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Make Bread. Plant Beets.

Posted Oct 01 2008 4:26pm

Make bread.

Plant beets.

Repeat.

It's as simple as that.

And deep inside, in the very core of my being where human instinct lives, I somehow think that if I make enough bread and plant enough beets, all will be well. The world may go to hell in a handbasket, but I will have bread. And I will have beets. Enough for my family. Enough to share. Enough.

And so I drag my red bucket of kitchen water, which I catch while heating up water to bring the yeast to life that I use to bake the bread, outside. I soak the seedlings that I transplant each day in neat little rows tucked beside the straggly, still-stretching-for-the-sky tomato plants and rambling mint and what is that, butternut squashes I see, their hourglass shapes filling out a bit more with each sun rise and set?

The first red leaves of autumn fall on the golden hay of the paths that twist and turn around my vegetable beds. The sun's striations spread their fingers through the deep brown seed heads of the towering sorghum stalks and the rounded, hand-like leaves of the fig tree and the brilliant color-bursts of amaranth and endless sprays of zinnias and the eggplants heavy with fruit again.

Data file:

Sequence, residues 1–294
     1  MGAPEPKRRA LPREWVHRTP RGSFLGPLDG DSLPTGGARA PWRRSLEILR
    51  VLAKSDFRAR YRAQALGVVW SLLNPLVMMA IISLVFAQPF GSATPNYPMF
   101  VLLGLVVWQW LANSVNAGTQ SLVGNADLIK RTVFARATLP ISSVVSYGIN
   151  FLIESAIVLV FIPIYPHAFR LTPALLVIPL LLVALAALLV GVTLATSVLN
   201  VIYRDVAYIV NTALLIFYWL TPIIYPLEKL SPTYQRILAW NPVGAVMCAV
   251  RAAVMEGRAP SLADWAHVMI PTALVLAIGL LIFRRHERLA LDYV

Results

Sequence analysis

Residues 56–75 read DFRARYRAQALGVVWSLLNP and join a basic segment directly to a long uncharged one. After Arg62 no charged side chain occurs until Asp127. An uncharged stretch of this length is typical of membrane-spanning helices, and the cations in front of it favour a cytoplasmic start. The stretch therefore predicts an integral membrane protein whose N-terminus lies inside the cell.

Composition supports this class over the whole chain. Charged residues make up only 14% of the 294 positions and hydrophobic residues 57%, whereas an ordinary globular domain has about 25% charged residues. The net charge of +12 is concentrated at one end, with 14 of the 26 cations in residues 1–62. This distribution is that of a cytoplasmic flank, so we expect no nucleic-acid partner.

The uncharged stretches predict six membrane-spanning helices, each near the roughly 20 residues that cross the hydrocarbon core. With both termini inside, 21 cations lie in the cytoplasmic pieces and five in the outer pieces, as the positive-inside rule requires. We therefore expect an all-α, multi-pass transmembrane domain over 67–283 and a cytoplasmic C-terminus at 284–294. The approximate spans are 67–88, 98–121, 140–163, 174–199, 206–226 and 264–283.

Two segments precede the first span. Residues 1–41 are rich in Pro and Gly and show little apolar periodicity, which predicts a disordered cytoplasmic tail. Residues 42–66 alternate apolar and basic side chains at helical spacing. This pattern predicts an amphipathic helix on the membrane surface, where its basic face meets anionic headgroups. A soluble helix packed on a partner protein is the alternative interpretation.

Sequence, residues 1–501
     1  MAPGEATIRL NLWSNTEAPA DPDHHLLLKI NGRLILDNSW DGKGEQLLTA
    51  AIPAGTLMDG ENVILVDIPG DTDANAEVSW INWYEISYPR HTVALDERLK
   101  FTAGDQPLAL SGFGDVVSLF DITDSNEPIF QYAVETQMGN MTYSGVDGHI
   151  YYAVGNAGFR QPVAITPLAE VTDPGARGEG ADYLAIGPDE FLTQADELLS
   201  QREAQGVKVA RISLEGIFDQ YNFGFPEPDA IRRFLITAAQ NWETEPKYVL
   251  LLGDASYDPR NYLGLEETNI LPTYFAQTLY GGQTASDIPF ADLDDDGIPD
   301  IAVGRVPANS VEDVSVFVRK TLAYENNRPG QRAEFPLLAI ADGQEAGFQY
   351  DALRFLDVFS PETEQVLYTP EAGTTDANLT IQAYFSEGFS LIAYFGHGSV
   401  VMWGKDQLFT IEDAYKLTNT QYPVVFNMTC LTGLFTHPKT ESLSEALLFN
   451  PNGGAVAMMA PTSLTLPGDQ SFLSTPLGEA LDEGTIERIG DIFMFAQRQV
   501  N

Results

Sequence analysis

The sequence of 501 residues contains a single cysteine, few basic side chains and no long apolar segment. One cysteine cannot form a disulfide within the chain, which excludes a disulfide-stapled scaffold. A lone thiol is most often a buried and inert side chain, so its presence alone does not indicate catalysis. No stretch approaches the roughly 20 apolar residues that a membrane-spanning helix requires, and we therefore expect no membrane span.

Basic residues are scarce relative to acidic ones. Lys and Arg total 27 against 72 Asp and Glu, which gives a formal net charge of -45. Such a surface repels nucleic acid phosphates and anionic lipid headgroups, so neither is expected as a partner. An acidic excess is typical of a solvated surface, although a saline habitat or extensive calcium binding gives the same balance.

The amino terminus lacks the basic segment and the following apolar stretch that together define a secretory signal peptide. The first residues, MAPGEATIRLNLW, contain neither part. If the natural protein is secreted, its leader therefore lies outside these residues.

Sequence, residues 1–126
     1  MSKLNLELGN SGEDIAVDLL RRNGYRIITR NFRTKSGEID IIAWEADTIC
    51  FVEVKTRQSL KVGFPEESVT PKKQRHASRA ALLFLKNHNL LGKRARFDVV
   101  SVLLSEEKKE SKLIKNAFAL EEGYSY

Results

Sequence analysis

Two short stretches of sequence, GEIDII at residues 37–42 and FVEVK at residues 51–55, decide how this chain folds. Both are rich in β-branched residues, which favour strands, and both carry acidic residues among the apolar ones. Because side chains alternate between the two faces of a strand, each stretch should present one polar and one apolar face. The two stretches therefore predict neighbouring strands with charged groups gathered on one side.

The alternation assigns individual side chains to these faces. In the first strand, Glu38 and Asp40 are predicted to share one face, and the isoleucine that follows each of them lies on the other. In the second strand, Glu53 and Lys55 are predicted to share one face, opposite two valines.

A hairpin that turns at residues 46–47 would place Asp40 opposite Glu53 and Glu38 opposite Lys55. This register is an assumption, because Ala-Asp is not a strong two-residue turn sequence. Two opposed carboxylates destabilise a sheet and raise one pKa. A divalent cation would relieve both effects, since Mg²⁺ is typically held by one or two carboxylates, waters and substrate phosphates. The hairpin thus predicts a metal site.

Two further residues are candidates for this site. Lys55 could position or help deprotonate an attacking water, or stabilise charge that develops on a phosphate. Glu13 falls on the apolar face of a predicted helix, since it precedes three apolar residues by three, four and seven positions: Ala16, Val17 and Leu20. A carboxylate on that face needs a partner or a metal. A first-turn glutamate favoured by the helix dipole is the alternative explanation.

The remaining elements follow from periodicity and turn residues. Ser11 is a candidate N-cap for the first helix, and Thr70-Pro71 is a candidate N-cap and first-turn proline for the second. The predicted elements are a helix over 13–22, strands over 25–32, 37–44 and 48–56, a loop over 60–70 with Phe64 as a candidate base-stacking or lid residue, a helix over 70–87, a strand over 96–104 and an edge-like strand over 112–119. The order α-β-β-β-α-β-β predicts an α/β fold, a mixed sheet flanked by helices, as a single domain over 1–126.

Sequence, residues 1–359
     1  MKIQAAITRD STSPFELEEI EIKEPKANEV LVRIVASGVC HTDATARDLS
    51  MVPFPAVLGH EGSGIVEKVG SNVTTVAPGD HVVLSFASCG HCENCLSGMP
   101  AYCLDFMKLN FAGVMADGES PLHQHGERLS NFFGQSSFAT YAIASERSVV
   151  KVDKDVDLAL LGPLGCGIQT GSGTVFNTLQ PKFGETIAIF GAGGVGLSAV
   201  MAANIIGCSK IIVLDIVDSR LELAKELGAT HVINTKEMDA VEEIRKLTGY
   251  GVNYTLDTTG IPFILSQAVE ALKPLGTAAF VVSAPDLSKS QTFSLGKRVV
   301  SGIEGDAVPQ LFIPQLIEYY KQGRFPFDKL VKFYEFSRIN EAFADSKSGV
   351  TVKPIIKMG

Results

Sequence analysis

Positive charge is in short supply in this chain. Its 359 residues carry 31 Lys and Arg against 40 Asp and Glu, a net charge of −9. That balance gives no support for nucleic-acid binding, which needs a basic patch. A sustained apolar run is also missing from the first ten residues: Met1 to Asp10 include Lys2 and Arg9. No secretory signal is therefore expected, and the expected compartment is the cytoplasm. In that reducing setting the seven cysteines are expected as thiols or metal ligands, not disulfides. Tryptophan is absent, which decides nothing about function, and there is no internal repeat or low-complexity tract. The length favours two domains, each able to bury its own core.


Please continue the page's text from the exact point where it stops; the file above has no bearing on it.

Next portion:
I can smell the soil, rich and dark and teaming with life. The soft lawn is moist beneath my feet and the fragrant evergreen juniper bushes, trimmed to make a path, leave their essence on me as I brush by them on my way to the hammock, a book that I never end up reading in my arms. Instead, I lie there and gaze up at the trees that I planted as saplings ten years ago with hopes of one day hanging a hammock.

And I hear the laughter of neighbor children and the distant hum of yet another lawn mower.

And I see a red-tailed hawk circling above, looking for prey.

And I smell the challah bread, made with eggs from chickens I know and kneaded and braided with my own hands, through my open kitchen window not too far away.

And I somehow know, intuitively, that as long as I keep my hands involved in that bread and in that soil, everything will be okay. For today.
Nurturing sustainability close to home and around the world. (And other food for thought!)

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